about 1762

about 1762 (Photo credit: Wikipedia)

Fittingly, the first Art Everywhere poster that I saw was  the Pelican Portrait of Elizabeth I!  It was on the concourse of Oxford Station.  Then on the way home from the Cotswolds we stopped at a motorway service station and saw the Ambassadors, Blaze 4, For You and Whistlejacket.  Apparently my husband and children saw several others during their wanderings around Oxford on Monday, but having my head stuck in sixteenth century manuscripts at the time, I missed those…

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Elizabeth I, the Pelican Portrait

Elizabeth I, the Pelican Portrait (Photo credit: lisby1)

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What a brilliant idea.  I am SO impressed and I really hope I see some of these around.  Lovely, of course, to see the Pelican Portrait of Queen Elizabeth and the Ambassadors in there, but I’m quite taken with Cold Dark Matter: An Exploded View which I didn’t know at all, so I must look into that.  Mr and Mrs Andrews was on the front cover of my GCSE history text book!

Elizabeth I of England, the Armada Portrait, W...

Elizabeth I of England, the Armada Portrait, Woburn Abbey (George Gower, ca 1588). Other versions of the Armada portrait are by different artists. (Photo credit: Wikipedia)

I think it’s fair to say that we had the best of the weather.  On several days last week I got messages from friends in Manchester saying that it was raining, while I was sitting on the beach watching the children playing. Where was I?  The Med?  The States?  No.  IrelandDonegal to be specific…  7 hours on a beach one day!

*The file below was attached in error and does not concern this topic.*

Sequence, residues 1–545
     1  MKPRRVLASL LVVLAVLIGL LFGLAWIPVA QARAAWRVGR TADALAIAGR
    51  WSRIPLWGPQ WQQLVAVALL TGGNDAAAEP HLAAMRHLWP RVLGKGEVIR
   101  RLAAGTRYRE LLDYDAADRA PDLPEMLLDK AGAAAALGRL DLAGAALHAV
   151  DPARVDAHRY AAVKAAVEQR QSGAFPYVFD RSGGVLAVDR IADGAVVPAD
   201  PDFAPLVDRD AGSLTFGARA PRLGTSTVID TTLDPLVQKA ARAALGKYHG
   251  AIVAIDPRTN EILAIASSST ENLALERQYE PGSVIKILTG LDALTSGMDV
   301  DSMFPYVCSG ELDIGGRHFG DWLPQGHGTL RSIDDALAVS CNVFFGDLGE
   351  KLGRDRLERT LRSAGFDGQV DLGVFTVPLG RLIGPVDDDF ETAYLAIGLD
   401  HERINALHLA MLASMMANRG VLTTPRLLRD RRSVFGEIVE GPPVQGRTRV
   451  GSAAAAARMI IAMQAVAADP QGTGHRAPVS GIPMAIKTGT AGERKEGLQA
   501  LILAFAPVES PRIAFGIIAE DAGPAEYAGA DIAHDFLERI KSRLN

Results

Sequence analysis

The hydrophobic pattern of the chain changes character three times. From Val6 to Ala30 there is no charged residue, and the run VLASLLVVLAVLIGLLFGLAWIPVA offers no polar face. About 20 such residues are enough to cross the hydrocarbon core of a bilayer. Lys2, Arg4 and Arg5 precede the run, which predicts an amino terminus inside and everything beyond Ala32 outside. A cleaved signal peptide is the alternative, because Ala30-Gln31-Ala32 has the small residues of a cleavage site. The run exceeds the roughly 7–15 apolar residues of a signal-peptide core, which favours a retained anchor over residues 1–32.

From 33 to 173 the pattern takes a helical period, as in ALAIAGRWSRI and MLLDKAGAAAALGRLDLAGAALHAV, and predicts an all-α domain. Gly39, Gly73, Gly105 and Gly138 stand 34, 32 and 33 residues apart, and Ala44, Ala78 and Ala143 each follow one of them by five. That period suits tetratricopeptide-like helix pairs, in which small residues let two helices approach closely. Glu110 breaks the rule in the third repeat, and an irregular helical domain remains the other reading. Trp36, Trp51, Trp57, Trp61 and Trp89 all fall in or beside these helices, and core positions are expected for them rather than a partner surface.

I carried on working on that one ballad for a day or two, finally managing to make the first paragraph of the article into something vaguely suitable and finding a brilliant primary document that gave me a lovely juicy quote.  Unfortunataly, my efforts to transcribe the said document were something like the straw that broke the proverbial camel’s back –  I gave up trying to combine work and holiday and decided that I was as entitled to a break as the next person!  On the ferry on the way home I read through my paper for Histfest, which I am looking forward to presenting this weekend.

While I was away I read Caroline Dodds Pennock‘s ‘Bonds of Blood‘, which I very much enjoyed.  Something of a blast from the past, it reminded me why I found the Aztecs and the Spanish conquest so fascinating as an undergraduate.  Perhaps I’ll turn my attentions back to them for my post-doc…  Perhaps not.  I also started on Anna Whitelock‘s new book, Elizabeth’s Bedfellows, which I haven’t quite finished.

Priorities for this week include practising my seminar paper,  finishing off my article, going to a careers fair and catching up on some Historical Association paperwork.  Oh, and finally applying for a young person’s railcard… possibly rather belatedly given that I’m no longer a young person in anyone’s vocabulary!